The San Jose Sharks have been an elite club since their Western Conference Finals appearance in 2003-04, making the playoffs in 10 out of the last 11 years. Though some seasons have been more hopeful than others, the franchise has always been competitive.
One of the more promising years was in 2007.
San Jose looked like a legitimate contender for the Stanley Cup in the middle of the 2006-07 season, and they wanted to make a run at a championship. This meant the team was willing to give up future assets to achieve success.
Defenseman Josh Gorges was in the midst of his second season with the Sharks at the time. Despite having a respectable rookie campaign the year before, he fell into the typical sophomore slump. He recorded fewer points despite playing in more games and saw his plus/minus rating drop by nine.
In addition, San Jose’s first-round draft pick that year was projected to be late in the round, making it expendable in the eyes of general manager Doug Wilson. With this in mind, he wanted to use it to help his club in the present.
Meanwhile, the Montreal Canadiens were not looking like a team that could go deep in the playoffs.
Their alternate captain, Craig Rivet, was having a mediocre year on the blue line, recording just 16 points in 54 games along with a minus-7 rating.
Rivet’s contract was set to expire at the end of the year, making him an unrestricted free agent unless he was re-signed by his team. However, the Canadiens had no intention of keeping the defenseman; they wanted to move him for young talent. It was either that, or let him walk for nothing.
Given the circumstances, it seemed like the Sharks and Canadiens were perfect trade partners.
On February 25, 2007—two days before the trade deadline—the two teams reached an agreement. The San Jose Sharks traded Josh Gorges and their 2007 first-round selection to the Montreal Canadiens in exchange for Craig Rivet.
Result: San Jose Sharks
Rivet’s play improved dramatically after being traded to San Jose. He earned eight points in 17 games while helping the Sharks finish fifth in the NHL that season.
Unfortunately, San Jose’s new acquisition was on the negative end of the plus/minus category in the postseason, and the Sharks were bounced in the second round by the Detroit Red Wings. This was his worst playoff performance despite averaging a career high 25:18 of ice time.
The Sharks, however, signed the former Canadien to a four year, $14 million contract in the offseason.
Rivet’s first full season in San Jose saw him earn a career high in points with 35. He also had a dominate 54 percent corsi-for percentage at even strength—a skill that carried into the playoffs.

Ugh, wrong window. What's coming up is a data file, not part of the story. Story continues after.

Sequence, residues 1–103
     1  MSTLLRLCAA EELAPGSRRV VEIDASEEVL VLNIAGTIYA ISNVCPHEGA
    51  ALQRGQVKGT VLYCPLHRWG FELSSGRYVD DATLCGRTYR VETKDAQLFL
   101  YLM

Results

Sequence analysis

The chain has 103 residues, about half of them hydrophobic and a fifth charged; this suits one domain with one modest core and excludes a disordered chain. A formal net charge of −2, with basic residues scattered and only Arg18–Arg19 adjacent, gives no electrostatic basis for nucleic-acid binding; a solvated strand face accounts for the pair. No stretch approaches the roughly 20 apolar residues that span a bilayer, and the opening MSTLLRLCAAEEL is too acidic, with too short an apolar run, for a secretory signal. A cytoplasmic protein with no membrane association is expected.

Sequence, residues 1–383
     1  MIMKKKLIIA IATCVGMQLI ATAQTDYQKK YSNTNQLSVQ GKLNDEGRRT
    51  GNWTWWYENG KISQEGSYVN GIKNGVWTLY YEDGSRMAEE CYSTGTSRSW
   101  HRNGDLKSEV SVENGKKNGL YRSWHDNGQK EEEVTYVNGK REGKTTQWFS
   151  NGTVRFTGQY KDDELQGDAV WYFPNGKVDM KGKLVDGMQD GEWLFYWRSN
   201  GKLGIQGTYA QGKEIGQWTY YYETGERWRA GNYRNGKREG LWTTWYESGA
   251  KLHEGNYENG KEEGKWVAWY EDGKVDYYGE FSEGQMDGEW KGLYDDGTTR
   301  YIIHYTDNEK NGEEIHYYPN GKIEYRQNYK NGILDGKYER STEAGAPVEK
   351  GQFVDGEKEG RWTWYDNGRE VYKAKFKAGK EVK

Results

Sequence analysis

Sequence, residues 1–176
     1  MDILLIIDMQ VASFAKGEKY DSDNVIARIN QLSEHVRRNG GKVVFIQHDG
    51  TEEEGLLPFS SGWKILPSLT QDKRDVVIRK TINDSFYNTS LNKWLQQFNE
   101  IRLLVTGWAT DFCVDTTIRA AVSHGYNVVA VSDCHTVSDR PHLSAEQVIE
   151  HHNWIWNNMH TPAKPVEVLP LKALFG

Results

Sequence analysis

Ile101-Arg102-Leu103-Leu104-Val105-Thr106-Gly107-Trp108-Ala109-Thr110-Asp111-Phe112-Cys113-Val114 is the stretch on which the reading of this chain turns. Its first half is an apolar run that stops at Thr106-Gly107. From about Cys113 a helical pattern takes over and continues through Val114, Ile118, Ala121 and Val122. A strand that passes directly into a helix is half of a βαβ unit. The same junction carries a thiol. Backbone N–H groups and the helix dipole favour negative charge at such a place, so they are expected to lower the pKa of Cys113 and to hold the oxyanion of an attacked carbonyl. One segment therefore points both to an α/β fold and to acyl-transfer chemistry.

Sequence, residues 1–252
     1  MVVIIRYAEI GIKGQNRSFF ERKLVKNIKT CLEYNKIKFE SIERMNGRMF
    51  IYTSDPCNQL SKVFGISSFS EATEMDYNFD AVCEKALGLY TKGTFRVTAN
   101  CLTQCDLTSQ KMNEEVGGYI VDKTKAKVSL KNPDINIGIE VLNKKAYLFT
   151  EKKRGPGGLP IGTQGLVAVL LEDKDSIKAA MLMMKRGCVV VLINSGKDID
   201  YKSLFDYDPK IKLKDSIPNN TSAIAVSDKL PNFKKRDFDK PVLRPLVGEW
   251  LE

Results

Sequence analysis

The 2007-08 season would be Rivet’s last in San Jose though, as he was traded with a 2010 seventh-round pick to the Buffalo Sabres for a 2009 second-round pick and a 2010 second-round pick.
The 2009 second rounder became William Wrenn, who never panned out. However, the 2010 second-round choice was traded to the Carolina Hurricanes for Niclas Wallin and a 2010 fifth-round selection.
Wallin was as irrelevant as they come, posting 10 points in 97 games and registering an even rating and a 50.8 percent corsi in all situations. He wasn’t great, but he chewed up minutes for the Sharks. However, the defenseman retired after his first full season in San Jose.
The 2010 fifth-round pick became Cody Ferriero, a prospect who has yet to play in the NHL.
Result: Montreal Canadiens
The Montreal Canadiens came out of this trade with two fantastic pieces.
First of all, they gained a steady defenseman in Josh Gorges. While with the Canadiens, Gorges played 464 games and earned a plus-34 rating. The one downside he had was that he only registered a positive corsi differential once in his seven years with the franchise.
Gorges was eventually traded to the Buffalo Sabres for a 2016 second-round selection. As it turns out, the pick was sent to the Chicago Blackhawks at the draft as part of the deal that brought Andrew Shaw‘s rights to Montreal about three weeks ago. Shaw then signed a six-year deal with the Habs, carrying a $3.9 million annual average.
As revealed in the title, the first-round pick the Canadiens acquired from San Jose became star forward Max Pacioretty, who was drafted 22nd overall.
The American forward has played eight seasons in Montreal, earning 344 points in 481 games. In that time, he has finished one season with a plus-38 rating and has represented Team USA at the 2008 World Juniors, 2012 World Championships, and 2014 Olympics.
Pacioretty also won the Masterton Memorial Trophy in 2012 after coming back from a concussion and fractured vertabrae. This injury was suffered during the infamous incident with Zdeno Chara and the stanchion.
The Canadiens came out of the deal with a steady defenseman and an above-average forward. They then flipped their defenseman for a piece that eventually led to signing Shaw in the 2016 offseason. All of the original assets from the trade currently play for Montreal or have ties to a player who is now on the roster.
Meanwhile, the Sharks’ trade tree died when Wallin ended his NHL career and Cody Ferriero failed to make the NHL. Rivet was good in San Jose, but Pacioretty was better in Montreal. Couple that with the acquisitions of Josh Gorges and Andrew Shaw, and that makes this deal look fairly one sided.
For these reasons, the Montreal Canadiens are the winners of this trade.